Yesterday, just for fun, I Google'd leadership and received a response of 506 million articles. Among these replies, I found a range of topics on leadership; they crossed areas covering a broad spectrum of styles, concepts, models, and characteristics. There were also articles which covered strategies, tactics, mentoring, and visioning; a lifetime of self-improvement reading material!
I've always considered myself a student of leadership principles and process. As a business owner, board member, nonprofit executive, and especially as a twelve-year field-active member of a mountain search and rescue team, I've learned a thing or two on the subject. With any luck, some of it may have actually stuck with me.
By far, my biggest lesson was learned when I read a very simple quote by the ancient Chinese philosopher, Lau Tse. Paraphrased, he said: "When the greatest leader's work is done, the people say they did it themselves."
Simple, profound, and true. While we all strive to be leaders, as leaders, we all know it's not about us, it's about the vision, the movement, the cause. But more importantly, without followers, there is no movement and sometimes following takes as much, or perhaps more courage than leading. That's why the following humorous 3 minute video is nearly as profound as what Lau Tse proclaimed over 800 years ago.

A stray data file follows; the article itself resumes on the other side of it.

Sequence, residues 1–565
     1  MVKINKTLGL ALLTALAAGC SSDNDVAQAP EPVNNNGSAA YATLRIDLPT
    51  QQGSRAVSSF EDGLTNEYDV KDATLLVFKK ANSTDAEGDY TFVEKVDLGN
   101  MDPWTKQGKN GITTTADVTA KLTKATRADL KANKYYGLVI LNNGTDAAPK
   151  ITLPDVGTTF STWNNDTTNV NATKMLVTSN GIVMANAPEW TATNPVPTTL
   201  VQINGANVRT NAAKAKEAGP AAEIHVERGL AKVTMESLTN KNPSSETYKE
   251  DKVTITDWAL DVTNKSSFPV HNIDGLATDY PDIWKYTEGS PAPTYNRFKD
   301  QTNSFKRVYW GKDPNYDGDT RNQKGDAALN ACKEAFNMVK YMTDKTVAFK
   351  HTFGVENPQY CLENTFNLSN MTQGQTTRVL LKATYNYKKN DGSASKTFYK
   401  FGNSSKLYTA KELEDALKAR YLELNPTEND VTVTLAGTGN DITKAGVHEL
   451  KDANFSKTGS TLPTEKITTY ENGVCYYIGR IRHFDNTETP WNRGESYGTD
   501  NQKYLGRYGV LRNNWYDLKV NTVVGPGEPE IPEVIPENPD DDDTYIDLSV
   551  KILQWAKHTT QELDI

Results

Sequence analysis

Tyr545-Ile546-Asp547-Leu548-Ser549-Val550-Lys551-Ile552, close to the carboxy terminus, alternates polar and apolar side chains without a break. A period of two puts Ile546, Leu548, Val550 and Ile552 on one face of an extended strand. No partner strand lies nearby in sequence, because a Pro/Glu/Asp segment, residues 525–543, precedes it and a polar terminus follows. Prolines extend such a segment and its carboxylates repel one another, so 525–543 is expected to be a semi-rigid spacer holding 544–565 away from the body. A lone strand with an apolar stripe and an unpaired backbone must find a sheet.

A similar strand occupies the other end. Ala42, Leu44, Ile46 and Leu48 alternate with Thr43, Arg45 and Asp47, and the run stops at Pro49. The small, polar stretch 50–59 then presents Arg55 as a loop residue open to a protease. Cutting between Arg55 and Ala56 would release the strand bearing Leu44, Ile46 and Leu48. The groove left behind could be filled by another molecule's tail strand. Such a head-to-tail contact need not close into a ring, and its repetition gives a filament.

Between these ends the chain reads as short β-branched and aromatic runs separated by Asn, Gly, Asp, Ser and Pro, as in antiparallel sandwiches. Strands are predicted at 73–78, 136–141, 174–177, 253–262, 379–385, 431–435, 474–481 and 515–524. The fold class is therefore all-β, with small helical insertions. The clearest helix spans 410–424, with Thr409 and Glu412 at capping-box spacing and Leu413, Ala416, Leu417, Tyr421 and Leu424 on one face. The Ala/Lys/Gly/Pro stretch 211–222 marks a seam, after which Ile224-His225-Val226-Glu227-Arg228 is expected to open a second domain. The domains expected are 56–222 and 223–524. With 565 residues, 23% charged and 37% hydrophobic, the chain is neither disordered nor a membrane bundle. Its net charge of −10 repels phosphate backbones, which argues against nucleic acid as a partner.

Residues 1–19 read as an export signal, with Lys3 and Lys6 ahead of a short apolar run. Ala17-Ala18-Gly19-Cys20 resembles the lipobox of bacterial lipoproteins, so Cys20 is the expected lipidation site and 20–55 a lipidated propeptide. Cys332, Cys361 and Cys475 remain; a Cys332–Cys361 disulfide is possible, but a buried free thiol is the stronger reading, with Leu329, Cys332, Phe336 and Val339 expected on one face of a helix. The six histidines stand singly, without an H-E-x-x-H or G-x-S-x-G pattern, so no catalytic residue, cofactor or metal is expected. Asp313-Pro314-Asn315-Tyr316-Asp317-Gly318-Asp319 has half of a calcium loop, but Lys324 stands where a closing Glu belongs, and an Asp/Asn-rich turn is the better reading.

I hope this serves to remind that while leadership is important, followers are the critical component of getting a movement started, and keeping it growing and persistent. It takes guts to follow, so nurturing your followers is a fundamental key to leadership. Viewed from this vantage point, I might catch myself in the camp that finds leadership in and of itself, just a bit over-glorified as well.
Perhaps we should all strive to be better students of following.